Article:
Bully will forever go down as one of Rockstar’s most overlooked children. Perhaps it’s due to the risqué humor the original game was able to get away with back in 2006, knowing all too well it wouldn’t ship in today’s climate. The fact is, Rockstar hasn’t dared to touch the IP with a barge pole in over a decade, and it mostly has something to do with the controversial themes the game lathered on like a thick paste.

Collectible-wise, Bully had some hit and miss trinkets, most of which players could display in their rooms at Bullworth Academy. Some of these so-called trophies, though, came in the shape of teenage girls’ underwear, which you would have to steal from the dormitory itself before pinning up on your wall. Now, considering the majority of the game’s population was made up of minors no older than fifteen, that was definitely a risky maneuver on Rockstar’s part. And yet, in spite of the brutal feedback some outraged fans threw at it, the collectibles still made a return in Scholarship Edition. Rockstar, a studio known for laughing in the face of danger, didn’t think twice about the consequences. But what’s new?

 

2. Sex Dolls (Saints Row)

After Volition stripped Saints Row of all its Grand Theft Auto tropes, the series branched out to some pretty wild themes. A lot of these were smothered in crude collectibles that players had to acquire for the sake of punching holes in the 100% completion arc. A prime example, of course, is the sex dolls Saints Row: The Third scattered around the city of Steelport.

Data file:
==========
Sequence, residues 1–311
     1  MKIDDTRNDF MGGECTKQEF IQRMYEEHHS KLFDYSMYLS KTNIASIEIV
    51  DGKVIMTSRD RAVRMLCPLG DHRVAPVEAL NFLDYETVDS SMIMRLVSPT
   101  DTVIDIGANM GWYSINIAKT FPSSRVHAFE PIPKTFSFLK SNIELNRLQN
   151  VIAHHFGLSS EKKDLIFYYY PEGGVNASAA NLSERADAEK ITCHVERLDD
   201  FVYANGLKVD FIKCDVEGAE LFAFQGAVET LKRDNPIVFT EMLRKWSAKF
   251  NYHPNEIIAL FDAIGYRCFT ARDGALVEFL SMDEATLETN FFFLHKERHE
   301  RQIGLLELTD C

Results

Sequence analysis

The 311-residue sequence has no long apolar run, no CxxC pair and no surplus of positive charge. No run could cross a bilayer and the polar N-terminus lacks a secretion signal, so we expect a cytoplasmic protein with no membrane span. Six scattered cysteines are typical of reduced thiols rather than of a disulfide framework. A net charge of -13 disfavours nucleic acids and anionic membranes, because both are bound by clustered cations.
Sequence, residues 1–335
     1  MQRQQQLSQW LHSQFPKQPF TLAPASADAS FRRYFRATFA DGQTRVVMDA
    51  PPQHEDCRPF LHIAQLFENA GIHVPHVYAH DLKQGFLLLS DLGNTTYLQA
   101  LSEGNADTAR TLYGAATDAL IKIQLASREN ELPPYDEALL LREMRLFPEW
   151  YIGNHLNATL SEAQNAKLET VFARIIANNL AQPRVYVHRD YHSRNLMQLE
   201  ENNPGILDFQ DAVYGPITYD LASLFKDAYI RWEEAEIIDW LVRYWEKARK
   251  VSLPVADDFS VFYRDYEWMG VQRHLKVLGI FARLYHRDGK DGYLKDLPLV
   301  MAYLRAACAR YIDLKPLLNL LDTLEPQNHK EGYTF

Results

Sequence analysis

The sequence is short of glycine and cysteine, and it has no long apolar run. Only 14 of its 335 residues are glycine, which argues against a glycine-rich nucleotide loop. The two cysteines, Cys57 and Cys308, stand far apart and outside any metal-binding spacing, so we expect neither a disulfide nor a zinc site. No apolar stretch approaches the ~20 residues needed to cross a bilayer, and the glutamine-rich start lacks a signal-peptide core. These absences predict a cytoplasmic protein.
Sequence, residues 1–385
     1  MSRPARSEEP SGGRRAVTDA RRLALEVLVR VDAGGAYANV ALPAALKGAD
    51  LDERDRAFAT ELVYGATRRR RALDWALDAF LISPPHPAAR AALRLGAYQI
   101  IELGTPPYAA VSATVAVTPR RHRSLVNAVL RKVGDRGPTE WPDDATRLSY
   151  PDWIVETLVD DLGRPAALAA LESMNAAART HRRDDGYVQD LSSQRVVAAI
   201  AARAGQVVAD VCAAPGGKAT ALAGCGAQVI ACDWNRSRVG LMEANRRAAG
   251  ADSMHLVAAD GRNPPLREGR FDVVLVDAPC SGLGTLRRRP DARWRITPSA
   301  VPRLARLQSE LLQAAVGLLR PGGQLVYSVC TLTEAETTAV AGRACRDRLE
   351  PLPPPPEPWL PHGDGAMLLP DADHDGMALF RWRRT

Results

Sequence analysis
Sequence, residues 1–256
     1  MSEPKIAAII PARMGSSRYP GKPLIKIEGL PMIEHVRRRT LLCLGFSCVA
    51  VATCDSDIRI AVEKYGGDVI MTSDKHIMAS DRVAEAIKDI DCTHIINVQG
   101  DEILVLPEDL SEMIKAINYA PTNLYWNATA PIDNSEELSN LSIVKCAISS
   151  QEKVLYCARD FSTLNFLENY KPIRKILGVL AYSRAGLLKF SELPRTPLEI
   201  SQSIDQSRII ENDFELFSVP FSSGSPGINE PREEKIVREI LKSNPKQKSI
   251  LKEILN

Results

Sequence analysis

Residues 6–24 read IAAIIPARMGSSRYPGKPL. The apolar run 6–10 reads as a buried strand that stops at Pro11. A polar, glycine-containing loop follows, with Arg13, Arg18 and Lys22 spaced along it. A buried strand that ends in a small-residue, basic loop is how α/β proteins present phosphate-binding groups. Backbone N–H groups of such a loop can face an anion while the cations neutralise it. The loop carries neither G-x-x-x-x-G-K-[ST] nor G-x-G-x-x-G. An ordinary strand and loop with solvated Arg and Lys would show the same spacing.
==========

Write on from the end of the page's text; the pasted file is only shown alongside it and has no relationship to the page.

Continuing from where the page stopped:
Granted, the collectibles in Saints Row didn’t really make a whole lot of sense. Not that this came as a surprise, as the series was quickly becoming one of the most bizarre video game series ever created. And so, next to its long arm of primitive humor and crude caricatures, sex dolls didn’t really stick out like a sore thumb. Needless to say, Volition got away with utilizing the inflatable dolls to help boost the game’s newfound weirdness.

 

1. Telephone Cards (Yakuza)

Yakuza is no stranger to absurdity, as proven over its incredibly long timeline of releases. As a series that hosts a ludicrous amount of side activities and novelty features, collectibles don’t really stand out all that much. That said, its unlockable telephone cards in Yakuza 0 went on to cast a much wider net than most games, and it definitely didn’t attract all the right fish in the pond, either.

When out exploring the world of Yakuza, players can unearth a set amount of telephone cards. On each card is a Japanese model, some of whom sport a rather revealing outfit, while others opt for borderline nudity. Sort of how Mafia II employed the Playboy covers, but with a Japanese twist and in a completely different format. The one thing the two share in common, though, is the fact that both collectible types were able to waltz away freely without much more than a single knock on the wrist.

 

So, what’s your take? Do you agree with our top five? Let us know over on our socials here or down in the comments below.

Jord is acting Team Leader at gaming.net. If he isn't blabbering on in his daily listicles, then he's probably out writing fantasy novels or scraping Game Pass of all its slept on indies.